Ocular Surface Repair

A pterygium is a fleshy, exaggerated growth of the conjunctiva (the clear, thin tissue) that lays over the white part of the eye. The growth extends on top of the cornea and has the appearance of growing over the iris. One or both eyes may be involved. The cause is not known, but it is more common in people with excess outdoor exposure to sunlight and wind, such as those who work outdoors, so it is thought that ultraviolet light exposure may have a role in causing this condition chance of this condition.

Symptoms and Treatment

The main symptom of a pterygium is a painless area of raised white tissue, with blood vessels on the inner or outer edge of the cornea. Sometimes a pterygium becomes red and inflamed and causes burning, irritation, or a foreign body sensation. A routine eye examination can confirm the diagnosis. Special tests are usually not needed.

No treatment is necessary unless the pterygium begins to distort vision, causes symptoms that are hard to control or is significant cosmetically. When medical therapy is inadequate the pterygium, may be surgically removed.

Surgical removal of a pterygium, even if it affects the cornea, is highly successful and uncomplicated. The procedure is performed under local anesthesia. The main concern in performing the procedure is to minimize the chance of recurrence. Often the visually apparent pterygium is like the tip of an iceberg, with extension beneath the conjunctiva. Thus successful excision requires meticulous pursuit of another diseased conjunctiva. Techniques now include the use of topical antimetabolites (Metomycin C), amniotic membranes and conjunctival autografts to improve post-operate aesthetics and minimize the possibility of recurrence. Additionally, instead of using dissolving sutures which may increase recurrence rates, grafts are secured using medically approved glue. This results in superior patient comfort and appearance post-operatively. Dr. Koster routinely performs such procedures at his surgery center in mid-town Manhattan.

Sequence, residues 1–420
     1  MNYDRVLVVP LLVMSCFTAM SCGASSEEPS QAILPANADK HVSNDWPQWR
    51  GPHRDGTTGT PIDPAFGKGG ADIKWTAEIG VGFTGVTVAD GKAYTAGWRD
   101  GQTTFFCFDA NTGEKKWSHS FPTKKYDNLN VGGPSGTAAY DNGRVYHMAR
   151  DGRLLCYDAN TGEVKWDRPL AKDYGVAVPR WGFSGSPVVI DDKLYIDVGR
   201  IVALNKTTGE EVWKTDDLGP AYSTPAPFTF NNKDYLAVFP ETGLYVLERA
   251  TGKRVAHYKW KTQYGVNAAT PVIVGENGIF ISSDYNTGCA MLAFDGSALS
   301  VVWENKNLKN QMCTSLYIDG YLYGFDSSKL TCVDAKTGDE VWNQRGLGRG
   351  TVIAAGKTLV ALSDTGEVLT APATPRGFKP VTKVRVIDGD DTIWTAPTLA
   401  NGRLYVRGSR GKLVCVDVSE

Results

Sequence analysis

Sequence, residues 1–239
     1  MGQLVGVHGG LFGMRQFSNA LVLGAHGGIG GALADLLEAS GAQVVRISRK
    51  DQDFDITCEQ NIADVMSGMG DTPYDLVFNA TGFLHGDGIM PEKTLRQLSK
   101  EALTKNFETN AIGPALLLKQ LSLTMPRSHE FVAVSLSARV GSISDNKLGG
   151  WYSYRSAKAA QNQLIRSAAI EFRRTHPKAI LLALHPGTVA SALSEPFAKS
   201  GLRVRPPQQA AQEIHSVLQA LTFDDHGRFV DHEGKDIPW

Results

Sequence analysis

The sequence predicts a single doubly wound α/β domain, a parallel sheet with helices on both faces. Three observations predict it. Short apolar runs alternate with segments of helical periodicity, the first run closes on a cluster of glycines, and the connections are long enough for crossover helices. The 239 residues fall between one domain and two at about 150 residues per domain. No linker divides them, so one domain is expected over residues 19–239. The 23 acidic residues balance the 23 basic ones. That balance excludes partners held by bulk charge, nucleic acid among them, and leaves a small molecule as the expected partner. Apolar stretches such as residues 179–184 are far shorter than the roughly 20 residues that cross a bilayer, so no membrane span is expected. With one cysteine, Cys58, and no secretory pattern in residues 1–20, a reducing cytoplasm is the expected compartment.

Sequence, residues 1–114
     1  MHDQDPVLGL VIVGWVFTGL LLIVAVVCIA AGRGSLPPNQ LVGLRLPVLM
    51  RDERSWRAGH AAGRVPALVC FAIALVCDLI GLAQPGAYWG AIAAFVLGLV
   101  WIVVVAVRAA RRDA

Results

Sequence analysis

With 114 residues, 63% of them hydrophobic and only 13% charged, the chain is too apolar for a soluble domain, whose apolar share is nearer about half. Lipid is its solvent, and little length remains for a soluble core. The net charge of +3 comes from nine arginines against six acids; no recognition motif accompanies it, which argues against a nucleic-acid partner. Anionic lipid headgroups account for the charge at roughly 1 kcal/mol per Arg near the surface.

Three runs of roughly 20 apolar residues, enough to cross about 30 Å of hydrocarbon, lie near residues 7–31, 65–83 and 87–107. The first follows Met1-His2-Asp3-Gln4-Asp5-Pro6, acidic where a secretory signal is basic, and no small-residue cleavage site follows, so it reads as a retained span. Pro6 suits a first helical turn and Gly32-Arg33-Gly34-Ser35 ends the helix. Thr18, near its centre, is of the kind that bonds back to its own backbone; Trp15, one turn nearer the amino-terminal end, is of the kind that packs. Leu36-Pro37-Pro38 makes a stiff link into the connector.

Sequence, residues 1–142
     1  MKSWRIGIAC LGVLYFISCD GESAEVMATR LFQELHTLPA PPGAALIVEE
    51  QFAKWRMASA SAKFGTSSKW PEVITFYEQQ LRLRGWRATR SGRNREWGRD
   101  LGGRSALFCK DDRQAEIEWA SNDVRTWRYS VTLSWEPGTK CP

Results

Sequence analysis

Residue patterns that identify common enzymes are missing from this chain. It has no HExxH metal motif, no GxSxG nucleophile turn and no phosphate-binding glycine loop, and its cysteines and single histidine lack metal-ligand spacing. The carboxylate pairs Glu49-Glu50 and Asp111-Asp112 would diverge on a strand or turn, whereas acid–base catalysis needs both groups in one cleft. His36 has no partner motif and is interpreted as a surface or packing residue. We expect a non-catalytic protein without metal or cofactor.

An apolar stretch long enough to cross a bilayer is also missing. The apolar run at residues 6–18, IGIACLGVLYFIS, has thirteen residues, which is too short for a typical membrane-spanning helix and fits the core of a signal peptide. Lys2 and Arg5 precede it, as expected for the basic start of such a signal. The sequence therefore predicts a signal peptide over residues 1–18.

A pterygium can return after it is removed. Patients who have had them removed should wear protective glasses and a hat with a brim to prevent the condition from returning. Furthermore, people with pterygium should be seen by an ophthalmologist each year so that the condition can be treated before it affects vision.